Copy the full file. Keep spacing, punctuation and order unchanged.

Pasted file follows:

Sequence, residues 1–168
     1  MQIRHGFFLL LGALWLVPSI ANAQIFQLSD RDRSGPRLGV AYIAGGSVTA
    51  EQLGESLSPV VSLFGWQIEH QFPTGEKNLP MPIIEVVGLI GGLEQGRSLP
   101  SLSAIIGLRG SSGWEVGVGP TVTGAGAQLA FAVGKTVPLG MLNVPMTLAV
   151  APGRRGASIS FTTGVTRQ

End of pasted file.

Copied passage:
Sequence, residues 1–168
     1  MQIRHGFFLL LGALWLVPSI ANAQIFQLSD RDRSGPRLGV AYIAGGSVTA
    51  EQLGESLSPV VSLFGWQIEH QFPTGEKNLP MPIIEVVGLI GGLEQGRSLP
   101  SLSAIIGLRG SSGWEVGVGP TVTGAGAQLA FAVGKTVPLG MLNVPMTLAV
   151  APGRRGASIS FTTGVTRQ